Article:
Richard Epstein, Health Affairs
"The ACA is a classic illustration of placing a persuasive title on a controversial statute to conceal its deep internal weaknesses. There is no way that one can “protect patients” by restricting, either through private employers or public exchanges, the choices they have in the type of plans they can join. It would be impossible for the statute to make health care more affordable when it piles major mandates on private plans, which could make them too costly to operate at all."
Michael Ramlet, Robert Book, & Han Zhong, American Action Forum
"To develop a more conservative projection of the likely reduction in employment, we estimated the relationship
between revenue and employment in the industry. Through our analysis, we found that an average of 1.274 direct
industry jobs and 2.210 indirect jobs are lost per year for each $1 million reduction in industry revenue that year."
Rita E. Numerof, Ph.D., The Galen Institute
"The purpose of this paper is to describe why the health insurance exchanges defined in PPACA won’t
work, won’t increase access to affordable health care, and won’t do anything to improve health
outcomes or increase value. The solution to affordable coverage isn’t to be found in these new
bureaucracies, but rather in reducing barriers to competition and consumer choice and removing
regulations that make coverage unaffordable today."
Ken Hershey, Medical Progress Today
"This case thus illustrates a serious danger latent in the "comparative effectiveness research" approach taken by the Patient Protection and Affordable Care Act: mass studies of how different treatments affect large swaths of people are not likely to pick up the subtleties and nuances in treatment effectiveness that can vary from person to person based on a whole range factors that determine each individual's unique biochemistry."
Scott Gottlieb, M.D., House Judiciary Subcommittee on Intellectual Property, Competition and the Internet Testimony
"[T]he only sure way that we’re going to
bend the cost curve is by coming up with fundamentally new ways to deliver
healthcare services that improve efficiencies and enable us to get more medical care
for each dollar we spend. These ideas are going to come forward the same way
better ideas have always arisen – from start-ups backed by entrepreneurs,
supported by investment capital, coming together in search of profits. Yet PPACA
contains provisions that I fear tilt against these kinds of innovations. The legislation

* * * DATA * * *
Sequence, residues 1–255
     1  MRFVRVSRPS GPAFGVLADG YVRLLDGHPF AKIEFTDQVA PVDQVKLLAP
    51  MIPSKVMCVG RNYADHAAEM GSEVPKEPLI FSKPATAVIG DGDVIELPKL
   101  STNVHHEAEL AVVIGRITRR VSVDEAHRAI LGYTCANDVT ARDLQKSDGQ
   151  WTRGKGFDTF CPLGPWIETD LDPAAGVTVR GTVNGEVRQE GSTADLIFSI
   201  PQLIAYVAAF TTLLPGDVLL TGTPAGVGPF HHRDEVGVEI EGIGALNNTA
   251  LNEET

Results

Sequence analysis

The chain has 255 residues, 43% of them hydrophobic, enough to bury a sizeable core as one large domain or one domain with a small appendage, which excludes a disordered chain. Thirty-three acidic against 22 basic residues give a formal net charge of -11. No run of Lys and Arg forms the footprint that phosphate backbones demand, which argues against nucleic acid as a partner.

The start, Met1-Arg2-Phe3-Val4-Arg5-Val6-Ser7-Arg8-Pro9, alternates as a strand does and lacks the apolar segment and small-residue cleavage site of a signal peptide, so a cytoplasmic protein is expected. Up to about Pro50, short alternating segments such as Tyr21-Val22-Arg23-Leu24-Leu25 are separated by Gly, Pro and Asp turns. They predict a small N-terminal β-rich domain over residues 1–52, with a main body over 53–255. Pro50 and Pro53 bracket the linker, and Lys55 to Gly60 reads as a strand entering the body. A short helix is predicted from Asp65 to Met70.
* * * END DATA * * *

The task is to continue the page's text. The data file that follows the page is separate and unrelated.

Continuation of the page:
relies instead on arrangements that could serve to entrench existing players."
Charles Blahous, e21: Economic Policies for the 21st Century
"Last week the Mercatus Center published my study showing that the health care law of 2010 (the ACA) will add at least $340 billion to federal deficits over the next ten years, and more than $1.15 trillion to net federal spending. The study has received a great deal of attention, which has highlighted the need for wider public understanding of federal budget procedures. In this article I will explain some of those budget rules while further substantiating that my basic conclusion is correct."
James Capretta, e21: Economic Policies for the 21st Century
"In March, the CBO released a new study on employee migration out of job-based plans and into Obamacare’s state exchanges. The effect of ObamaCare on employer-based insurance has been hotly debated ever since the law was enacted in March 2010. Several independent analysts predict that 'dumping' into the exchanges will occur at a much higher rate than CBO assumed in its original estimates of ObamaCare and argued that the result would be much higher federal costs than CBO estimated."
e21 Staff Editorial, e21: Economic Policies for the 21st Century
"Absent the mandate, ObamaCare will not function as intended because the program’s coverage guarantee and expansion is financed, in part, through cross-subsidies generated by mandating that individuals purchase insurance policies that cost several times more than their expected insurance claims. Defenders of ObamaCare rationalize these compulsory transfers as inherent to “insurance,” which they erroneously present as a system where low-risk policyholders are expected to overpay for their coverage to reduce the cost of the policies for those with predictably high claims."
Kathryn Nix, The Heritage Foundation
"One element of the Patient Protection and Affordable Care Act (PPACA) is the advancement of 'comparative effectiveness research' (CER). Intended to compare available treatment options, CER can benefit patients if used for informational purposes only, but it could also be harmful in practice. The expansion of the Medicare bureaucracy under the PPACA will allow the use of CER for more government micromanagement of personal medical decision making—hurting patients, doctors, and the practice of medicine."
Karen E. Joynt, M.D., M.P.H., & Ashish K. Jha, M.D., M.P.H., The New England Journal of Medicine
"As part of the Affordable Care Act (ACA), Congress directed the Centers for Medicare and Medicaid Services (CMS) to penalize hospitals with 'worse than expected' 30-day readmission rates. This part of the law has stimulated hospitals, professional societies, and independent organizations to invest substantial resources in finding and implementing solutions for the 'readmissions problem.' Although a focus on readmissions may have good face validity, we believe that policymakers' emphasis on 30-day readmissions is misguided, for three reasons."